Facebook is the world’s largest social network. Meta Platforms has about 4 billion active users each month including about 3 billion on Facebook, according to a February 2024 company presentation. The company sold shares in an initial public offering on May 17, 2012 in what was the biggest technology IPO in history at the time.

The billionaire owns the shares through a series of trusts and holding companies, according to the proxy. He plans to give away 99% of his shares over his lifetime, according to a December 2015 SEC filing. Zuckerberg started selling shares in August 2016 to fund his philanthropy and in Bloomberg’s calculation he isn’t credited with the value of any sales proceeds that fund charitable work. He’s still credited with those shares he plans to give away because he still owns them.

The value of his cash investments is based on an analysis of insider transactions — mostly the sale of Facebook shares valued by an analysis of Bloomberg data and company filings — as well as taxes, property purchases, philanthropic giving and market performance.

Baiju Prafulkumar Bhatt

Baiju Prafulkumar Bhatt, an American entrepreneur of Indian descent, has left an indelible mark on the financial technology landscape as the co-founder of Robinhood, a leading US-based financial services company. Born in 1984 or 1985, Bhatt spent his formative years in Poquoson, Virginia, as the son of Indian immigrants. He embarked on his academic journey at Stanford University, where he earned a bachelor’s degree in physics and subsequently completed a master’s degree in mathematics in 2008. It was during his time at Stanford that Bhatt crossed paths with his future business partner, Vladimir Tenev, laying the foundation for their groundbreaking venture.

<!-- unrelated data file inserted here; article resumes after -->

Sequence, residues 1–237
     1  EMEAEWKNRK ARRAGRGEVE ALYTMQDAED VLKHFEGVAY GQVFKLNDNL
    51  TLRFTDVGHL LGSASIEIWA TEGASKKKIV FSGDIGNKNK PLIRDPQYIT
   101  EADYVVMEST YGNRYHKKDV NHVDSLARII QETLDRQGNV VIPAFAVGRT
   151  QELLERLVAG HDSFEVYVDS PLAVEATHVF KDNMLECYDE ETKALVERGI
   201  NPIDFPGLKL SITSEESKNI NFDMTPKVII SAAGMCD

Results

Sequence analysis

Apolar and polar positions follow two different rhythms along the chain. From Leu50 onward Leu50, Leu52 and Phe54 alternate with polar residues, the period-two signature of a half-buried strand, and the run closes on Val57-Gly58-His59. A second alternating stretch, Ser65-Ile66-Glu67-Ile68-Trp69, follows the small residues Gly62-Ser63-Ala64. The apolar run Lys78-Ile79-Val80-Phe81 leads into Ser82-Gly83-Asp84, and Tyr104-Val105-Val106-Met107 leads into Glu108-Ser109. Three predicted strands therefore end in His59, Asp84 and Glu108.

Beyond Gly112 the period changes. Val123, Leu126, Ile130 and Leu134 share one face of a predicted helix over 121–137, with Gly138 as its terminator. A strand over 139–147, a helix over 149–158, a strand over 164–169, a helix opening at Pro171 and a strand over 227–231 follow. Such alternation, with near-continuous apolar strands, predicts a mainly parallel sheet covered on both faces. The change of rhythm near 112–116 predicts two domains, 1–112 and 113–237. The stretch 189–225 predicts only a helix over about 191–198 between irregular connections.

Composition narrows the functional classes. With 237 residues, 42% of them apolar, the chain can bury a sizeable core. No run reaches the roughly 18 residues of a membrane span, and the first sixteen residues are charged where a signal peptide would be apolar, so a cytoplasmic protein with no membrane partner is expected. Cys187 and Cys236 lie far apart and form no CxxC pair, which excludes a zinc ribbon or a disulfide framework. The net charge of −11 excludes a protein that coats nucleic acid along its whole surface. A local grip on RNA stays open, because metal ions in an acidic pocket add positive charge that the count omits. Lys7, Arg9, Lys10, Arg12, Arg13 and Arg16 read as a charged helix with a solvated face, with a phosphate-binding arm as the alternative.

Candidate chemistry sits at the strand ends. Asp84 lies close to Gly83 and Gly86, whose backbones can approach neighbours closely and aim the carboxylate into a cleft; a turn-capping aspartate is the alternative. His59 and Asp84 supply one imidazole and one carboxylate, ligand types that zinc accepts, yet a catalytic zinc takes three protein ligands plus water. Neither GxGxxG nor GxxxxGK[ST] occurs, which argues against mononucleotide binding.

In 2013, Bhatt teamed up with Tenev to co-found Robinhood, driven by their observations of the systemic issues plaguing the financial industry, notably highlighted during the 2011 Occupy Wall Street protests. Robinhood’s mission to democratize finance struck a chord with investors, and the platform’s mobile app launch in 2015 further solidified its position as a disruptive force in the market. The company’s valuation soared to $6 billion following a significant funding round in May 2018, propelling both Bhatt and Tenev into the billionaire ranks.

Bhatt’s entrepreneurial prowess and vision have earned him widespread recognition and accolades. He has been a featured speaker at prominent events such as Disrupt SF 2018, where he announced plans for Robinhood’s IPO in 2019. Additionally, Bhatt has been honored as one of the Goldhouse 100 most impactful Asians in 2021, showcasing his influence and contribution to the Asian community. His inclusion in Fast Company’s “Most Creative People” list in 2017 and Forbes’ “30 Under 30” list in 2016 further underscore his status as a trailblazer in the business world.

Beyond his professional achievements, Bhatt leads a fulfilling personal life with his wife, Adrienne Sussman, and their child, residing in Palo Alto, California. His story has even made its way into popular culture, with actor Rushi Kota portraying him in the 2023 film “Dumb Money,” which explores the GameStop short squeeze—an event that underscored the complexities of modern finance and Robinhood’s role within it.

In summary, Baiju Bhatt’s journey from Stanford University to co-founding Robinhood epitomizes the American Dream, showcasing the transformative power of innovation and entrepreneurship in reshaping industries and empowering individuals. His continued impact on the fintech landscape serves as an inspiration for aspiring entrepreneurs and investors worldwide.

Vladimir Tenev

Vladimir Tenev, born on February 13, 1987, in Varna, Bulgaria, is a Bulgarian-American entrepreneur known as the co-founder and CEO of Robinhood, a prominent US-based financial technology services company. Tenev’s parents migrated to the United States when he was five years old, both working for the World Bank. He attended Thomas Jefferson High School for Science and Technology in Fairfax County, Virginia.

Tenev pursued his higher education at Stanford University, where he earned a degree in mathematics and crossed paths with his future business partner, Baiju Bhatt. While initially studying for a mathematics Ph.D. at UCLA, he dropped out to embark on entrepreneurial ventures with Bhatt.